Economic development group half way to $1.5 million fund-raising goal

Kelly Flenniken, executive director of the Grand Junction Economic Partnership, details fund-raising efforts during a press conference kicking off a campaign to “Advance the Ball.” The economic development group already is half way to its goal of raising $1.5 million. (Business Times photo by Phil Castle)

Phil Castle, The Business Times

The Grand Junction Economic Partnership kicks off its latest fund-raising effort already half way toward its goal of raising $1.5 million in financial support for the economic development organization.

But GJEP leaders say it’s going to take a collaborative effort among local businesses over the coming year to achieve success in an campaign titled “Advancing the Ball.”

“The theme of Advancing the Ball most reflects that this is a team sport,” said Jay Seaton, publisher of the Grand Junction Daily Sentinel and chairman of the GJEP board of directors.

A private, nonprofit organization  that promotes job growth through business attraction and expansion, GJEP conducts fund-raising campaigns every five years to garner multi-year financial commitments from businesses considered investors in the organization.

About 85 percent of that support comes from businesses, said John Williams, an attorney who’s the immediate past chairman of the GJEP board. The remaining 15 percent of support comes from Mesa County, the cities of Grand Junction and Fruita and the Town of Palisade, Williams said.

Chris Thomas, president and chief executive officer of Community Hospital, said the hospital supports GJEP because of its efforts to bolster the health care industry and other sectors in Mesa County. “They’re a key player in the creation of a better economy.”

Kelly Flenniken, executive director of GJEP, said the $1.5 million will be used over the next five years to pay for salaries of the three-member staff, office space and other expenses associated with the organization and its activities. “It allows us to do the various programs we have in place.”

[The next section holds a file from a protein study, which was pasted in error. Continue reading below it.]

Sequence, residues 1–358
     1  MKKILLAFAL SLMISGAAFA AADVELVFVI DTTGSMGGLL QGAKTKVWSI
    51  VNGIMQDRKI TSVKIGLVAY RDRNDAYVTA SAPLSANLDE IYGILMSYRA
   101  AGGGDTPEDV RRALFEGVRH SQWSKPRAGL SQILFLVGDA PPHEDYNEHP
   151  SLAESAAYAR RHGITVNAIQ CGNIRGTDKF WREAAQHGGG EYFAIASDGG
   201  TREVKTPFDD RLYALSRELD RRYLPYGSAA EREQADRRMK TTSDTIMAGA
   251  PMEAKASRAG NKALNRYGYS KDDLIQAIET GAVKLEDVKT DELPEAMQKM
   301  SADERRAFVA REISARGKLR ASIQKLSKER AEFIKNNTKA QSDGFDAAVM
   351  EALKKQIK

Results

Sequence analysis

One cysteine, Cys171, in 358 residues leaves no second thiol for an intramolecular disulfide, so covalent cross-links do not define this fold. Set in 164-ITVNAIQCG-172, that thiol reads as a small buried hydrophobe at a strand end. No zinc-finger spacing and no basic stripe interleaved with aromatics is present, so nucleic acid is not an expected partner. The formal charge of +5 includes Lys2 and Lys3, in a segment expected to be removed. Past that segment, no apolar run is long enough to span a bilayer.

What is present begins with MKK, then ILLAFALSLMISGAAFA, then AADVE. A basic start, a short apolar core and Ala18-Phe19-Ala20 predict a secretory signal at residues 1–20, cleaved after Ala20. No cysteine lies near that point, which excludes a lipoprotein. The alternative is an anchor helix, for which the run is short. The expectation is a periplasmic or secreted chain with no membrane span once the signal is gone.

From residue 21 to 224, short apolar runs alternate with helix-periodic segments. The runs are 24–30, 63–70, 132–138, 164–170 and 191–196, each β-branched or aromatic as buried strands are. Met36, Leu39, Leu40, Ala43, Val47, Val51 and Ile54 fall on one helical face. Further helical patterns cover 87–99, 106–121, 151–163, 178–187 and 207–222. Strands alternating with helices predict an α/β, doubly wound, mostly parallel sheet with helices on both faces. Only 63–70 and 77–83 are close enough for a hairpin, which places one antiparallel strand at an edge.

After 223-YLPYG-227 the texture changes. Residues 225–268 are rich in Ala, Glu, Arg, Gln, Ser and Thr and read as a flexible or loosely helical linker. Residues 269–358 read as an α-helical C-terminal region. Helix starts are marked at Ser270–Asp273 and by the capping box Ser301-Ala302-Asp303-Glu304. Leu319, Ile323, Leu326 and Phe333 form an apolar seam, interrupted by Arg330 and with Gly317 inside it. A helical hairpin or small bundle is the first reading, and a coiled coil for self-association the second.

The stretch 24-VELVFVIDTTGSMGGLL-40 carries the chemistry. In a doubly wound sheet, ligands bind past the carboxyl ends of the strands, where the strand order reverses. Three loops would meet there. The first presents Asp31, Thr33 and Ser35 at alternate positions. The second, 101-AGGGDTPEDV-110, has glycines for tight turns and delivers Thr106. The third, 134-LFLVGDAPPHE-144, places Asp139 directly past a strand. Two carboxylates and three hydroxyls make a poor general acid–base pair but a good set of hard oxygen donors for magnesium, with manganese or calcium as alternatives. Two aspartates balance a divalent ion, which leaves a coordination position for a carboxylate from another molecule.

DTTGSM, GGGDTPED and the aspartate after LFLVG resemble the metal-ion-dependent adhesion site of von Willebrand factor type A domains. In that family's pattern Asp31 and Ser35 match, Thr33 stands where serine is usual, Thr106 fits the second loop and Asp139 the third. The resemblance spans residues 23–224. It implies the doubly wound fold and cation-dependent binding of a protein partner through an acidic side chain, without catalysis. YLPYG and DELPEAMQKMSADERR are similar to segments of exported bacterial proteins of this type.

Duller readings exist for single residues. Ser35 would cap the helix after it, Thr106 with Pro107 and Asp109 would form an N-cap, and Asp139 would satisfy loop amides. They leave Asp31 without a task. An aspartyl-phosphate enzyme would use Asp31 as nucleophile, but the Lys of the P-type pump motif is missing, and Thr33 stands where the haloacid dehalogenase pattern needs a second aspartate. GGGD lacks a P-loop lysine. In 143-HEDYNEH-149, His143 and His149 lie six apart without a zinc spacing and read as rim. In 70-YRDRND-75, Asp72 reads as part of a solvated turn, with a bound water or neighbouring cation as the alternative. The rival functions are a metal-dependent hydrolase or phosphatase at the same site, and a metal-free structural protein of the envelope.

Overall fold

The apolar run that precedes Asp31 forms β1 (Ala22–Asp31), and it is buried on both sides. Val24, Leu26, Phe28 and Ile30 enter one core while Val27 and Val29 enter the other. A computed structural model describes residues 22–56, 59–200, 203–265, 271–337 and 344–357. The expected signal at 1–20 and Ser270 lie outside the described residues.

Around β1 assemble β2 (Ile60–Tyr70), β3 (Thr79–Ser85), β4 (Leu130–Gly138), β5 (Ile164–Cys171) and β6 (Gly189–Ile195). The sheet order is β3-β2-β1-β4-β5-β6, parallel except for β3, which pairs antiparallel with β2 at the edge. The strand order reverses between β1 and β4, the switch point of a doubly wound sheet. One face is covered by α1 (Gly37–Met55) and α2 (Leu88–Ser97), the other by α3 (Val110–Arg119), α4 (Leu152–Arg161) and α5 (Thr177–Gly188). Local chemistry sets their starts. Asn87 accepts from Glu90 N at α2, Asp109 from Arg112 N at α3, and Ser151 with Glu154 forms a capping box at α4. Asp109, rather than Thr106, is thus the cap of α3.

That financial support constitutes a good investment, Flenniken said, because of the jobs, capital investments and tax revenues economic development promotes.

Over the past five years, GJEP has been involved in efforts that have led to the creation of more than 560 new jobs, she said Using economic modeling software that takes into account wages, capital investments, tax revenues and other factors, every $1 invested in GJEP over the past five years resulted in a return of $55, she added.

GJEP assisted with the recruitment of a number of new businesses between 2007 and 2012, including American Furniture Warehouse and Cabela’s. The group also assisted with the expansion of several existing businesses, among them Leitner Poma, Frank Henry Equipment and American Tire Distributors.

As a member of a coalition called the Economic Development Partners, GJEP was involved in drafting and implementing a new economic development plan for Mesa County.

GJEP worked with 35 prospects in 2012 and continues to work with 19 active prospects as the group takes a more proactive role in recruiting potential businesses, Flenniken said.

While there was some uncertainty associated with the presidential election last year, Flenniken expects relocation and expansion activity to increase this year. “I really am confident about 2013.”